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Human Rights Watch
FOR IMMEDIATE RELEASE:
JULY 21, 2005
12:28 PM

CONTACT: Human Rights Watch

 

U.S.: Destroy Stockpile of Unsafe Cluster Submunitions
Pentagon’s Outdated Cluster Submunitions Pose Great Risk to Civilians

 

WASHINGTON - July 21 - Despite some positive developments in its cluster munition policy, the United States retains—and still is willing to use—at least 728 million old, unreliable and inaccurate cluster submunitions, Human Rights Watch said today in a briefing paper.

“The Pentagon should destroy its stockpile of dangerous and outdated cluster submunitions,” said Bonnie Docherty, researcher in Human Rights Watch’s Arms Division. “These submunitions pose great risks to civilian populations and should never be used.”  
 
Cluster munitions are large weapons that usually contain hundreds of smaller submunitions. The U.S military’s current inventory of submunitions, if employed, would leave behind more than 27 million hazardous “duds” even when calculated using the Pentagon’s very conservative dud rates. The duds become de facto antipersonnel mines that can harm civilians even years later.  
Any submunitions that are not destroyed must, if technically possible, be drastically modified to improve their accuracy and reliability rate so that they do not put civilians in excessive danger. Human Rights Watch said any technical improvements should be accompanied by changes in U.S. targeting doctrine, most notably a prohibition on use in or around populated areas.  
 
No weapons used by U.S.-led coalition forces in Iraq in 2003 caused more civilian casualties than cluster munitions. These weapons pose an immediate danger to civilians during attacks, especially in populated areas, because they are inaccurate and have a wide dispersal pattern. They also endanger civilians long after the conflict due to the high number of submunition duds that do not explode on impact and then function like landmines.  
 
“Cluster munitions now stand out as the weapon most in need of stronger national and international regulation to protect civilians during armed conflict,” said Docherty.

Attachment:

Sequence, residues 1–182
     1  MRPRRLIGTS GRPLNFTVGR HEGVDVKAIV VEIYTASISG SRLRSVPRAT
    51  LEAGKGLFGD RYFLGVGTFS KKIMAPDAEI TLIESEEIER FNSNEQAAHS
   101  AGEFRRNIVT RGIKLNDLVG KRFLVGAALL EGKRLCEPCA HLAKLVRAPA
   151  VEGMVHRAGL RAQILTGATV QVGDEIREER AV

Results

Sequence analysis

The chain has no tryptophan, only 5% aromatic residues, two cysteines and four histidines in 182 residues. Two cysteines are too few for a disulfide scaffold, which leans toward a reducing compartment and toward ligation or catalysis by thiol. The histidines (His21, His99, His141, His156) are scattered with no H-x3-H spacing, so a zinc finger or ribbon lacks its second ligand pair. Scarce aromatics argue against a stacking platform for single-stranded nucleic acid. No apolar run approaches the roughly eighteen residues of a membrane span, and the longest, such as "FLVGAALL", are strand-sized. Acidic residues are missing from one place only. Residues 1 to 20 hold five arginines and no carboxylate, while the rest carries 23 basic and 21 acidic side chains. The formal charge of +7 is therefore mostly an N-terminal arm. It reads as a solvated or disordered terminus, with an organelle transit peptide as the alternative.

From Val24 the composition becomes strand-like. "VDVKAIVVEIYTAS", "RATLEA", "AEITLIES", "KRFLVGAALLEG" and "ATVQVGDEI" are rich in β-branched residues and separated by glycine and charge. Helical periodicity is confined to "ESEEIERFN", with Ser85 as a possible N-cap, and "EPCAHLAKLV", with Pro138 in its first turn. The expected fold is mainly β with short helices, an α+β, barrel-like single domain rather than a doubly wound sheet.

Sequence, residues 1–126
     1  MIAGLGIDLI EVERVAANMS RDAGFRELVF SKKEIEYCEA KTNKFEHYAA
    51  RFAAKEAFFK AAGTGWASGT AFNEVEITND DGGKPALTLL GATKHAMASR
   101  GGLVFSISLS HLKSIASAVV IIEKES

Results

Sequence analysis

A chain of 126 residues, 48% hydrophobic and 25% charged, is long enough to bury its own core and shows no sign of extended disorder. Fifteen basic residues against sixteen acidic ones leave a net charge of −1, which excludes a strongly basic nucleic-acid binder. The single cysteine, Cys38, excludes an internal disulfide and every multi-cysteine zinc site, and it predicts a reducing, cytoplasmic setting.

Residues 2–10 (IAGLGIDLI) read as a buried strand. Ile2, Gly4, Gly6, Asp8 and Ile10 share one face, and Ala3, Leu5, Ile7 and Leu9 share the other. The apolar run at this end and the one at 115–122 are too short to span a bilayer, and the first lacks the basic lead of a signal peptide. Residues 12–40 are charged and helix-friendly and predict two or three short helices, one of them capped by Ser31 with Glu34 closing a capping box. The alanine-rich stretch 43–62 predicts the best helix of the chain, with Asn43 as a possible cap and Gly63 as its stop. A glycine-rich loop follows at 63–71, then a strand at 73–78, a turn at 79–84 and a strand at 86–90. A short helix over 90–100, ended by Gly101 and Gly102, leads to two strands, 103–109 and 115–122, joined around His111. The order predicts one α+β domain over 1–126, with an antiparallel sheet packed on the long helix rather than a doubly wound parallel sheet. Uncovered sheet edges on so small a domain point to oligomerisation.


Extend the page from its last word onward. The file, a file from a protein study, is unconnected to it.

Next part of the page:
The 20-page briefing paper examines the U.S. inventory of cluster munitions, drawing on a recently obtained Pentagon report to Congress. The paper also looks at requests in the Department of Defense’s fiscal year 2006 budget related to cluster munitions.  
 
The Defense Department’s budget for fiscal year 2006 is the first to implement fully an important new U.S. policy toward procuring cluster munitions: the Pentagon may no longer acquire cluster munitions with a dud rate of 1 percent or more. Although this policy was first declared by then Secretary of Defense William Cohen in January 2001, it is only now taking full effect. Regrettably, the policy applies only to new purchases and does not affect the existing stockpile (which includes so-called “legacy” submunitions).  
 
“It’s illogical to apply one standard to new cluster submunitions, and a radically different standard to nearly one billion old, extremely dangerous submunitions,” said Docherty.  
 
The Pentagon report to Congress details a stockpile of 5.5 million cluster munitions containing about 728.5 million submunitions. Human Rights Watch has previously calculated that the U.S. inventory, including War Reserve Stocks for Allies, totaled about one billion submunitions. Cluster munitions are particularly ubiquitous in the stores of U.S. ground forces.  
 
Of the 728 million submunitions, only 30,990 (or about 40 per 1 million) have self-destruct devices to lower the dud rate. Both ground and air forces continue to maintain stockpiles of large numbers of outdated cluster munitions that have caused significant harm to civilians in recent conflicts.  
 
While some submunitions will be destroyed when they reach their expiration date, a total of 480 million of the “legacy” submunitions will still be in the inventory in fiscal year 2011, according to the Pentagon report to Congress. Any future improvements brought about by implementing Secretary Cohen’s policy will be undermined by continued insistence on stockpiling and using old, inaccurate and unreliable submunitions.  
 
Human Rights Watch concluded that the United States should prohibit the use of any submunitions that have a failure rate of greater than 1 percent, and should destroy or retrofit existing stocks that do not meet that standard. The United States should also prohibit the use in or near populated areas of all submunitions that are not precision-guided, including those with self-destruct devices. At the same time, the United States should accelerate efforts to increase the accuracy of cluster munitions and their submunitions.  
 
In addition, Human Rights Watch recommends that Congress, in adopting the Department of Defense’s fiscal year 2006 budget, place conditions on certain procurements related to cluster munitions. For example, Congress should require that the U.S. military use rocket launchers only with unitary warheads or submunitions with less than a 1 percent dud rate. Moreover, the Department of Defense should provide fuller information about the numbers and types of cluster munitions and submunitions it is requesting, and their dud rates, so that Congress can make informed decisions.

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